COLLEGE PARK – Alex Len didn’t choose basketball. It chose him.
Growing up in eastern Ukraine, Len was more concerned with cartwheels than jump shots. He was an action film aficionado and took gymnastics classes hoping to emulate his idol, Jackie Chan.
One day, a local high school basketball coach visited Len’s gymnastics center and noticed the scrawny 10-year-old towering over his older classmates. The coach promptly escorted Len to a gymnasium, gave him a basketball and told him to shoot.
“I remember I shot it and I made it,” the 7-foot-2 Maryland Terrapins center said Tuesday in his first meeting with reporters since arriving in College Park 13 months ago. “[The coach] said, ‘See, you were born to play basketball.’”
There’s never been much doubt Len, who averaged six points and 5.4 rebounds in 22 games as a freshman last year, was made for the hardwood. He’s a rare breed — a rangy big man who runs the floor like a guard. He can swat a shot, sprint down the court and spot up for a three-pointer.
Those skills, of course, brought expectations. Before Len ever stepped on a Division I basketball court, NBA analysts labeled him a “future lottery pick.” They praised his potential, gushed over his height and noted his perfect shooting form. They figured he’d be an impact player for the Terps from day one, that it was only a matter of time before he developed into a surefire superstar.
What they didn’t necessarily take into account? Len was lost.
After enrolling in classes days into the fall 2011 semester, the Ukraine national team member struggled to adapt to his new surroundings. He barely spoke a word of English and couldn’t understand his coaches and teammates.
When roommate John Auslander asked him simple questions, Len pulled out his laptop and visited translation websites. When he wanted to get food at a restaurant, he simply pointed at the menu and hoped servers figured out his order. And when Terps fans approached Len on the street, he blushed with embarrassment.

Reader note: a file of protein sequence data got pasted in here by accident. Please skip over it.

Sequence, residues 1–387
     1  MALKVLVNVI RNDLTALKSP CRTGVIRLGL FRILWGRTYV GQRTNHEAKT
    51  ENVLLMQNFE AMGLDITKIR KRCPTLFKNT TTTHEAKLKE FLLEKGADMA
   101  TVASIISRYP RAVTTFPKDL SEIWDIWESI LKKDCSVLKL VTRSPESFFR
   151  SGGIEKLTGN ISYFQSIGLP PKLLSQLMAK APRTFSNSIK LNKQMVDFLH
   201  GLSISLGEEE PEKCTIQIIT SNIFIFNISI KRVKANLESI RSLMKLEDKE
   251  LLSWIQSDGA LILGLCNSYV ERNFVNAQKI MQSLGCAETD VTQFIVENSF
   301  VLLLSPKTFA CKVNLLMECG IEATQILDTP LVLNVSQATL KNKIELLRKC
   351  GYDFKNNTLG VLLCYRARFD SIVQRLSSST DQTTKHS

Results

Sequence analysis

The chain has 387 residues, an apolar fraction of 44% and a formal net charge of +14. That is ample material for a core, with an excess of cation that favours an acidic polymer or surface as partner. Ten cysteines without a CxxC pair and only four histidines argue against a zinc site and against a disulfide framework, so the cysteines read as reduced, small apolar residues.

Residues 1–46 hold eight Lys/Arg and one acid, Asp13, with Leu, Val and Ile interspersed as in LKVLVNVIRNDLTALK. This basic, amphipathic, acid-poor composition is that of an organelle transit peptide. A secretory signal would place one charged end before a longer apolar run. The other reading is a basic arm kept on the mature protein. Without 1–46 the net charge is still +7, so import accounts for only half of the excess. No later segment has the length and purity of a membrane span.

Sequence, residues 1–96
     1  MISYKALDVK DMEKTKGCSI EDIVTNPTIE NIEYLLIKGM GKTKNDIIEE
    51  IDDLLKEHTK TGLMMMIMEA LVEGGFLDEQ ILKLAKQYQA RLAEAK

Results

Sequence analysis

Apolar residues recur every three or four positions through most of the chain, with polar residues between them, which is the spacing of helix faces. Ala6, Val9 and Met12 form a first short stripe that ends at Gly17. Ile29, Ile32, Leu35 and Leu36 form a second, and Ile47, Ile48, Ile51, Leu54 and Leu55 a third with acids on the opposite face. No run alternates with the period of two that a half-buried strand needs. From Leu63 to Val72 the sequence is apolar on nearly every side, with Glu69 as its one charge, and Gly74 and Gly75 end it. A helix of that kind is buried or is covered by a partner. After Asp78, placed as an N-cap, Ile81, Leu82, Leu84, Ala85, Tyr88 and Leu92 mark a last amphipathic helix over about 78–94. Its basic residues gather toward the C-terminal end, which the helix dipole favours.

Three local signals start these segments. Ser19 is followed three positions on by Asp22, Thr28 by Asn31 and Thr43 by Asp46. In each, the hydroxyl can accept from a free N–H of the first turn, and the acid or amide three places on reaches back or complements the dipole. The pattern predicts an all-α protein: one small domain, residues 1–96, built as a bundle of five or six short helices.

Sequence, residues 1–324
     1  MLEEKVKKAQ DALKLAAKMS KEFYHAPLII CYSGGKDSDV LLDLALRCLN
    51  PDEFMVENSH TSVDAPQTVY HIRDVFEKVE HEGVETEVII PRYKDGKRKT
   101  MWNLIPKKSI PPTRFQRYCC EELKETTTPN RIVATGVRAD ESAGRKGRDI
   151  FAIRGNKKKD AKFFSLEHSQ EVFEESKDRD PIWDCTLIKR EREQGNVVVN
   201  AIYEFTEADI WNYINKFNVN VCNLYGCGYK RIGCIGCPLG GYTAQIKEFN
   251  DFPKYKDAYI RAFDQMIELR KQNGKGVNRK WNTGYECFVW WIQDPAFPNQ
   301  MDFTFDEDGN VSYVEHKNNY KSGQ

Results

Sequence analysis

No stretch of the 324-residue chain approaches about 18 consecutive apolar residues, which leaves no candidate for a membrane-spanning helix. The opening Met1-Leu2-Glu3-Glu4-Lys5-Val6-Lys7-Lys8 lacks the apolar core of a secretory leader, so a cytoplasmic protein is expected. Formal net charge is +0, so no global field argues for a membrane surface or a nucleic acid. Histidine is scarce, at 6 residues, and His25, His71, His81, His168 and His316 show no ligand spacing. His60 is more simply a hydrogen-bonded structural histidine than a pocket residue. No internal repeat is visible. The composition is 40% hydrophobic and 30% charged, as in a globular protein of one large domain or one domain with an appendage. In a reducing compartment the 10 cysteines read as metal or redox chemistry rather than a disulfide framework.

“I think the first three months were the hardest because I didn’t know any language,” said Len, who just recently became comfortable enough with English to address the media. “I knew just a little bit, but it wasn’t good enough to communicate.”
It didn’t help that Len became the subject of an NCAA eligibility probe shortly after he signed with the Terps. And after using up all of his temporary eligibility in preseason workouts, Len wasn’t able to play with the team once practices began in September.
Thus, Len was forced to sit and watch while the NCAA investigated his ties to a European pro team — a process that eventually ended in a 10-game suspension.
“It was really tough for him,” said Auslander, a junior forward. “You could tell he just wanted to be out there and be with the guys. It was killing him not to practice.”
Len finally made his college debut in the Terps’ 83-72 win over Albany on Dec. 28. He netted his first of five dunks 54 seconds into regulation, and earned a standing ovation after 12 minutes. When Len took a seat in the game’s waning moments to chants of “We love Alex!” he had 14 points, eight rebounds and three blocks.
“It was an unbelievable feeling,” Len said. “Just to get on the court and see that huge crowd, it was amazing.”
The feeling wouldn’t last. Although Len averaged 13.3 points and nine rebounds over his next three games, he struggled mightily in ACC play. He reached double-digit point totals just twice during the Terps’ final 18 games and was often benched after getting into early foul trouble.
The rail-thin Len dropped easy passes, struggled to post up smaller defenders and appeared generally confused.
Still unable to grasp the English language, Len often couldn’t understand which play the point guard was calling. When he caught the ball in the low post, he didn’t know whether to dribble, pass or shoot.
“How the hell did we win 17 games?” coach Mark Turgeon asked with a smile. “He didn’t understand a word I was saying. I should’ve won Coach of the Year.”
Len used last season’s shortcomings to help motivate him through a strenuous summer slate of workouts, weightlifting and English tutorials.
After spending much of last year trying to convince Turgeon to let him be a finesse player, Len has devoted himself into developing a low-post presence. He added 30 pounds of muscle and expanded his arsenal of post moves — improvements Turgeon said have made Len “close to being twice as good” down low.
“When you guys see him for the first time,” the second-year coach said, “you’ll be like, ‘Wow, he did grind it this summer. He worked at it.’”
That should become evident Nov. 9 when the Terps face defending national champion Kentucky at the Barclays Center in Brooklyn, N.Y. in their season opener. Len, who will likely match up against freshman phenom Nerlens Noel, is anxious for an opportunity to prove his worth against the country’s best.
After spending the past year getting comfortable and acclimated, the former gymnast is ready to show why he was born to play basketball.
“I’m really excited,” Len said. “It’s going to be a great challenge.”